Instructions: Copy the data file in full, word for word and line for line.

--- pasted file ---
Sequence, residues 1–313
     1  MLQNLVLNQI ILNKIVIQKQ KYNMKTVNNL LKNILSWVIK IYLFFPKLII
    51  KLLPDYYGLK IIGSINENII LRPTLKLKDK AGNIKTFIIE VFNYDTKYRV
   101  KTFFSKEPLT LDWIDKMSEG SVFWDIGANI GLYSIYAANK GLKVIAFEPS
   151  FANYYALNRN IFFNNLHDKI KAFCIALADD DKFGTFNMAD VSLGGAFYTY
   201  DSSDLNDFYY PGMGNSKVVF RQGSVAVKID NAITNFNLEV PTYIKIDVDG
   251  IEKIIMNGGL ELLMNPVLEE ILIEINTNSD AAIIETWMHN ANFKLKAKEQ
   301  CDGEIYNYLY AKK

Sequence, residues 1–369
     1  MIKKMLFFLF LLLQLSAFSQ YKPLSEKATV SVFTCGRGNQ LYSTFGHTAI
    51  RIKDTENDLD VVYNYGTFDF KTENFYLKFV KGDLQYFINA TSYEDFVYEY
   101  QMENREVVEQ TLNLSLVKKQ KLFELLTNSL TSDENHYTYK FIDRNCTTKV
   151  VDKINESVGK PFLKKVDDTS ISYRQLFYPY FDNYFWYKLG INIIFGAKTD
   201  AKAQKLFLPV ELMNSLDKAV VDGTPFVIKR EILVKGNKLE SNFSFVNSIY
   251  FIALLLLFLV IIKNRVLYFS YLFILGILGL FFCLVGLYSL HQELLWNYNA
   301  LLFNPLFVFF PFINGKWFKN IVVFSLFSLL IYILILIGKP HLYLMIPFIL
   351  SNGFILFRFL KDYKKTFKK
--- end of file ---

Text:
Sequence, residues 1–313
     1  MLQNLVLNQI ILNKIVIQKQ KYNMKTVNNL LKNILSWVIK IYLFFPKLII
    51  KLLPDYYGLK IIGSINENII LRPTLKLKDK AGNIKTFIIE VFNYDTKYRV
   101  KTFFSKEPLT LDWIDKMSEG SVFWDIGANI GLYSIYAANK GLKVIAFEPS
   151  FANYYALNRN IFFNNLHDKI KAFCIALADD DKFGTFNMAD VSLGGAFYTY
   201  DSSDLNDFYY PGMGNSKVVF RQGSVAVKID NAITNFNLEV PTYIKIDVDG
   251  IEKIIMNGGL ELLMNPVLEE ILIEINTNSD AAIIETWMHN ANFKLKAKEQ
   301  CDGEIYNYLY AKK

Sequence, residues 1–369
     1  MIKKMLFFLF LLLQLSAFSQ YKPLSEKATV SVFTCGRGNQ LYSTFGHTAI
    51  RIKDTENDLD VVYNYGTFDF KTENFYLKFV KGDLQYFINA TSYEDFVYEY
   101  QMENREVVEQ TLNLSLVKKQ KLFELLTNSL TSDENHYTYK FIDRNCTTKV
   151  VDKINESVGK PFLKKVDDTS ISYRQLFYPY FDNYFWYKLG INIIFGAKTD
   201  AKAQKLFLPV ELMNSLDKAV VDGTPFVIKR EILVKGNKLE SNFSFVNSIY
   251  FIALLLLFLV IIKNRVLYFS YLFILGILGL FFCLVGLYSL HQELLWNYNA
   301  LLFNPLFVFF PFINGKWFKN IVVFSLFSLL IYILILIGKP HLYLMIPFIL
   351  SNGFILFRFL KDYKKTFKK